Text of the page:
And I hate to point this out, but all your b____ing and moaning, all the efforts of the administration and congress to limit compensation to these employees (btw, recent legislation aimed at curbing corporate bonuses in companies that received bailout money, pushed through by Democrat Chris Dodd, specifically excluded bonuses agreed to before February of this year), is the ultimate example of cutting off your noses to spite your collective face. Like it or not, we now own that company, and we've already flushed away $170B or so on it. If you don't offer compensation packages commensurate with what your competitors are offering, the only people you'll have left are the ones who can't get a job elsewhere - meaning there isn't a chance in heck we'll ever see a dime of that money back.

But hey, keep up the ranting, it's always good to see the ignorant and uninformed scream the loudest, even when they have no idea what they're screaming about.

just_another_bozo_on_this_bus 5 years, 9 months ago

"But hey, keep up the ranting, it's always good to see the ignorant and uninformed scream the loudest, even when they have no idea what they're screaming about."

We couldn't have described you better, nota.

Godot 5 years, 9 months ago

"Rep. Barney Frank, the chairman of the House Financial Services Committee, told Fox that bailout recipients should have to follow stricter compensation rules, and said Congress should look into whether the bonuses are "legally recoverable."

"We can't just violate legal obligations, I understand that," the Massachusetts Democrat said. "But I do want to find out at what point these legal obligations were incurred. Who said, and at what point, 'We're going to give these bonuses no matter what?' And I do think it's inappropriate for those people to stay in power at that company."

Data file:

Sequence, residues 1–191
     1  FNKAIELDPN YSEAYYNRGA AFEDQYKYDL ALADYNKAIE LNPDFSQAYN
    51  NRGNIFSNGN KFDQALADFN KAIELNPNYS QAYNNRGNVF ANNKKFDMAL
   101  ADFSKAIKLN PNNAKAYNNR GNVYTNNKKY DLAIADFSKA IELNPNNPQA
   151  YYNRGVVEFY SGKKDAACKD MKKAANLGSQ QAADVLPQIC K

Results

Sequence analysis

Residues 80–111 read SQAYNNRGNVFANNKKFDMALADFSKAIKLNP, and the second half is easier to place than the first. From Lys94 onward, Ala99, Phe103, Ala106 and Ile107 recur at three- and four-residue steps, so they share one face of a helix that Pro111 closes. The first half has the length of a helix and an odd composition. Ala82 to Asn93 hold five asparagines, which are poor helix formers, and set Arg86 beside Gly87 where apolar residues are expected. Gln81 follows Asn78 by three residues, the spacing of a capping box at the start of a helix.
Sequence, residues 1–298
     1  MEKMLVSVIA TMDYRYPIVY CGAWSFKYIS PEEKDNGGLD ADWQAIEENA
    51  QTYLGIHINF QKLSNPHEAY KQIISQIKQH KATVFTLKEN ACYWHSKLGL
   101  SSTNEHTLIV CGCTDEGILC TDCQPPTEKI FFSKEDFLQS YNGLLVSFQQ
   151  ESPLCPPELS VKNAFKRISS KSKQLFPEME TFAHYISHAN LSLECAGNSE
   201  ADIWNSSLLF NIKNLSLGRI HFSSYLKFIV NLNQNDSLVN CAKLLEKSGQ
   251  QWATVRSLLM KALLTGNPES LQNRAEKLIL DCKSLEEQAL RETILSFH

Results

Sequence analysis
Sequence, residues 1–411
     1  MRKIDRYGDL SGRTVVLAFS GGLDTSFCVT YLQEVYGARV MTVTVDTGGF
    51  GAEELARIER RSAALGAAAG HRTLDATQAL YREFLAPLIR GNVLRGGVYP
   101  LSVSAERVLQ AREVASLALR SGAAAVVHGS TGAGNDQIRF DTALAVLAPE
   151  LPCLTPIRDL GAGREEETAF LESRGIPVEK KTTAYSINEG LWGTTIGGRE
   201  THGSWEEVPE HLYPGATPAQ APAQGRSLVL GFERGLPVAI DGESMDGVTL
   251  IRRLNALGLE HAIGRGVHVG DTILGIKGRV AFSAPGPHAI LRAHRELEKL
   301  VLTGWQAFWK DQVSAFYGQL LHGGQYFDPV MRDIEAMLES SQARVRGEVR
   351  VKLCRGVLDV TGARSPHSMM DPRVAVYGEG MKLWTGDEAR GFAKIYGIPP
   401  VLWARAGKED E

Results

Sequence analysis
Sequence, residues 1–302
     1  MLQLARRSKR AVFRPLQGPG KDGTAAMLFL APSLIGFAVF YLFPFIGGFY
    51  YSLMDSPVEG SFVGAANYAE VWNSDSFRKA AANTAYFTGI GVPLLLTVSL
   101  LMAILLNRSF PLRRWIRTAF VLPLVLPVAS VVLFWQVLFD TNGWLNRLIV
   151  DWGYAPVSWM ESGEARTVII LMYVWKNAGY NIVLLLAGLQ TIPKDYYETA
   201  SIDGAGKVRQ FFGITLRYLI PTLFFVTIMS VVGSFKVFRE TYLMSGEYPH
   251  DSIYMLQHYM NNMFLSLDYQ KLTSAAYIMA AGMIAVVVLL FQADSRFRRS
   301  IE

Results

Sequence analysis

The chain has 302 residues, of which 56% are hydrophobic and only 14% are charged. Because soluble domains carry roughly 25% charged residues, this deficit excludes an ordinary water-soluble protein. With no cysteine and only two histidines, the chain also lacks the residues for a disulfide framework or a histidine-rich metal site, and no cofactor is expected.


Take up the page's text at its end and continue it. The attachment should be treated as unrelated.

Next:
Frank said that if banks complain that the Obama administration has made things too tough, "They can give the money back. We made that easy."

http://www.cnn.com/2009/US/03/15/AIG.bonuses/

What a friggin' hypocrite Frank is. To use Obama's newly favored phrase, it is unnacceptable that Barney Frank continues to hold any power whatsoever in government considering the hand he had in making this mess. If he and Reid and Pelosi had not worked so hard to get the TARP/EESA passed, the Treasury would not have had the open checkbook to bail out AIG in the first place.

The statement about not breaking contracts is a joke, too. The mortgage cramdown bill sanctions the breaking of mortgage contracts.

If Frank really wanted to undo those AIG contracts, he could - he is just putting on a show, putting up some drama. http://www.cnn.com/2009/US/03/15/AIG.bonuses/

character 5 years, 9 months ago